- USA  Micanopy - An area archaeologist working with several professionals and volunteers has commenced work on a project to locate the site of a Seminole War-era fort in Micanopy. The site of the dig was chosen after earlier archaeological work indicated the site of Fort Micanopy was not several blocks to the south, as once thought. The coring gave an indication of a burned building here in this vicinity, so it's a good place to put a unit (a small, shallow excavation)- In 1819, Spain ceded Florida to the United States for $5 million following the first short Seminole War- Then there was the second war that ended in 1842, when the Indians who had survived the fierce battles were sent to Oklahoma. Fort Defiance was the first fort built sometime in the early 1830s. But it was burned down in August of 1836. There was a lot of sickness in the area, so it was burned down by Major Pierce, who was the younger brother of President Franklin Pierce. Then the military came back nine months later and built Fort Micanopy, which fell to ruin once it was no longer needed---


 - EGYPTELe Caire  - Twelve of the artifacts missing from the Egyptian Museum, Cairo have been returned, including six bronze statuettes dated to the Late Period, a small limestone statue of a sphinx, and five necklaces. It is unclear if the people who had possession of these antiquities had any relationship with the looters who broke into the museum. They attempted to try and authenticate the objects by contacting a young archaeologist, whose name I have withheld for his own safety, with the goal was of selling the stolen pieces. The archaeologist recognized the objects as those missing from the museum and took photographs with his mobile phone. He contacted the director of the museum and the police, and the people were taken into custody. 


 - BERMUDES   Southampton - After about six weeks at sea, out of England, the Warwick arrived at Bermuda on October 20, 1619, carrying a cargo of additional settlers, lots of goodies from the home country, and the third Governor of Bermuda, Nathaniel Butler, later to be governor of Providence Island (with mainly setters from Bermuda) off the coast of Nicaragua, now Isle de Providencia, now a possession of Colombia. One of Butler’s first jobs was to get the already irascible “Bermudians” under control, a task with which he eventually made some progress. In the meantime, however, disaster struck with a very late November hurricane that sank the Warwick in Southampton Harbour, much to everyone’s consternation: “One can imagine what a blow this was to the Governor. His concern was not so much in regard to what was lost, as to the problems which threatened for the future. For the Warwick was the magazine ship, and her loss meant the loss of the year’s crop of tobacco, which would spoil for having missed this opportunity for export.” Shortly thereafter Governor Butler was forced to issue a proclamation, “of a type these island had never before received from their Governor. The first was to confiscate and recover all the goods that had been stolen from the wrecked ship Warwick”, thus marking the start of a perhaps not so honourable local tradition that assumed that if it is lost at sea, it belongs to whoever “finds” it. A few decades ago, the Philadelphia Maritime Museum and E (Teddy) Tucker examined the site of the Warwick, a study which determined that important hull remains, from the turn of the bilge to the first gun deck, survived for one side of the vessel. In July 2011, with a permit from the Bermuda Government’s Historic Wreck Authority, the National Museum of Bermuda will further undertake an intensive archaeological study of the Warwick,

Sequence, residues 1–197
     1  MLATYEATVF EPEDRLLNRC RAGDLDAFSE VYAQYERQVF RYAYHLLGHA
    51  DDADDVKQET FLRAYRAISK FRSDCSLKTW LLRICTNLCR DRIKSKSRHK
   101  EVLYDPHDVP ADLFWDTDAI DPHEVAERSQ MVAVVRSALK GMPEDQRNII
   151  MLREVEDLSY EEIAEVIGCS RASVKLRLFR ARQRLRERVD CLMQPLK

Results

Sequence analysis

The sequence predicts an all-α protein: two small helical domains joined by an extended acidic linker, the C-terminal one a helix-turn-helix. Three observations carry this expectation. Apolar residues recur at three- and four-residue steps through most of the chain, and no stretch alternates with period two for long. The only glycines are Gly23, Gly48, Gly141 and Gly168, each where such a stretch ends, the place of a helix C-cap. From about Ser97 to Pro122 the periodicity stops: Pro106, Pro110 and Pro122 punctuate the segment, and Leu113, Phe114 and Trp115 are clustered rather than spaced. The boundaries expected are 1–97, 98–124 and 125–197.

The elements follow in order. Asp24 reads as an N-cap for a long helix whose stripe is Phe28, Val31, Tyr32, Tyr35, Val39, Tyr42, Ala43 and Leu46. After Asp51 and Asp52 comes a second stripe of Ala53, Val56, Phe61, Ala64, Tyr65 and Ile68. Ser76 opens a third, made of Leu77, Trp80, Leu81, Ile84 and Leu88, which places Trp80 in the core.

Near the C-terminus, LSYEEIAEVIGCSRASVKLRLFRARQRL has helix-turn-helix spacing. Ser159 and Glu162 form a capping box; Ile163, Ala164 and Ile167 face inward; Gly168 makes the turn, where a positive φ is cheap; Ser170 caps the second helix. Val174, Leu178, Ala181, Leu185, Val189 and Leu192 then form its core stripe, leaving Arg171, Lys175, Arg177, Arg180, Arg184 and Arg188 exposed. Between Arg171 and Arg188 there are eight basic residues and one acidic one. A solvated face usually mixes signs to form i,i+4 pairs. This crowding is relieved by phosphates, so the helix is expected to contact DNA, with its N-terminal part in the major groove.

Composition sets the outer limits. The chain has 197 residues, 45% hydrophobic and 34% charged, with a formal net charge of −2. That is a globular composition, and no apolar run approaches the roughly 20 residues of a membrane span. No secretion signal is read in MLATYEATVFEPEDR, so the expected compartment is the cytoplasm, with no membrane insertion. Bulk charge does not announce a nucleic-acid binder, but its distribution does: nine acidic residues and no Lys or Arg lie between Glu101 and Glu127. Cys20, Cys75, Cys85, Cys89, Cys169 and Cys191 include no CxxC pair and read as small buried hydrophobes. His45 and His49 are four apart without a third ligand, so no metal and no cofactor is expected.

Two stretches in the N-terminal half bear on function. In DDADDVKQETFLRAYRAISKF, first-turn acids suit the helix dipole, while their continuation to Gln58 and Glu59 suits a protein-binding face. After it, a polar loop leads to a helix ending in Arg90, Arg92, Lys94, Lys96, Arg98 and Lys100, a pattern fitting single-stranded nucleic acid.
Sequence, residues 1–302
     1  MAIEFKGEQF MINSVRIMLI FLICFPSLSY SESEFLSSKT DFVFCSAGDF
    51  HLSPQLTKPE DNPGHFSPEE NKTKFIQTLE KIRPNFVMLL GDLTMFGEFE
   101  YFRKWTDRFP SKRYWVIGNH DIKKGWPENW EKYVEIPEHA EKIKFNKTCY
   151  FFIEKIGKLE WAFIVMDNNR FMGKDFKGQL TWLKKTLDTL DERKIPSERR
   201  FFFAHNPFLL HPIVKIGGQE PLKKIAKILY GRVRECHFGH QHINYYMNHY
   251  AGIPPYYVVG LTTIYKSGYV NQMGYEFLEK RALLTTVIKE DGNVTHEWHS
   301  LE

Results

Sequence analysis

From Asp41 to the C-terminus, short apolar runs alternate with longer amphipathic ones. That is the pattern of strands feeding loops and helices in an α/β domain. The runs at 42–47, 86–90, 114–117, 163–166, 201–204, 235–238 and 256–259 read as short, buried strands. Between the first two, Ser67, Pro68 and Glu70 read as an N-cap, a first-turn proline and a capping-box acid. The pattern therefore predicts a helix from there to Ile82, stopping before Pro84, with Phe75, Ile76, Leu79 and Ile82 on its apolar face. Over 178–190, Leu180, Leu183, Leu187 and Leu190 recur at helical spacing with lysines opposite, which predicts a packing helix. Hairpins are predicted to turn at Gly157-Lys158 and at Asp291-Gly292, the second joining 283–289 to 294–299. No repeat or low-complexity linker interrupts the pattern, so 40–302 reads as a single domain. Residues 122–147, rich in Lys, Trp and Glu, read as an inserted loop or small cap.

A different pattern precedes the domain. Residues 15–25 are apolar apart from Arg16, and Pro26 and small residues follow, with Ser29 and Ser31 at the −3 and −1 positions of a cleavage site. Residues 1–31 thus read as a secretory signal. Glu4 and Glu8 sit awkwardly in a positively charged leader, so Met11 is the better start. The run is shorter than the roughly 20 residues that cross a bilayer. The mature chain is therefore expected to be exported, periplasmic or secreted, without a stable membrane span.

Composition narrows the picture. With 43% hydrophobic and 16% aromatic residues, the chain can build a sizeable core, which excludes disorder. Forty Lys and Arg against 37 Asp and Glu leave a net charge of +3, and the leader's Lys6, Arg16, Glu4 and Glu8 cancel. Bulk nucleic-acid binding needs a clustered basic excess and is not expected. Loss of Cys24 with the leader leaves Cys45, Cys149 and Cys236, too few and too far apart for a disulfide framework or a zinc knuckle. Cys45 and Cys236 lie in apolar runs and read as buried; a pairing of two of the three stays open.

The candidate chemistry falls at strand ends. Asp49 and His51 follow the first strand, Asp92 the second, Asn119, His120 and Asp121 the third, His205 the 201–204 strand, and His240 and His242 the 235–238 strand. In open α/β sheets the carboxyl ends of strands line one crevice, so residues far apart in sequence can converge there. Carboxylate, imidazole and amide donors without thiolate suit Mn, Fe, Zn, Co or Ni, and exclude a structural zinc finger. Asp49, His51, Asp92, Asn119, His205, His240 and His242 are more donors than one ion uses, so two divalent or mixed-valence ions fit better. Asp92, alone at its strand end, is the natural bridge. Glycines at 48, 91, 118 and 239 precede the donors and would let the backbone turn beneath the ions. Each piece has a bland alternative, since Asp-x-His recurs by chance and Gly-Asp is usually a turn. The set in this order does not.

- ROYAUME-UNI   Winchester - A team of archaeologists has returned to Winchester to search for ancient secrets beneath the city. Wessex Archaeology have begun more work in the old Winchester Fire Station in North Walls after a successful dig in January, when a team found the ruins and foundations of a medieval building, believed to be a friary. Project manager Paul McCulloch said: “Scattered remains of the Friary have come to light in the vicinity over the years, including tombs and decorated floor tiles. We have an opportunity to record something of the layout of the Friary before the old Fire Station is developed.”  So far, the investigation has revealed the foundations of one of the Friary buildings, along with a wall that probably enclosed the Friary precinct at one stage. The team are also looking out for finds dating back to Roman and Saxon times. The investigation is expected to last another week.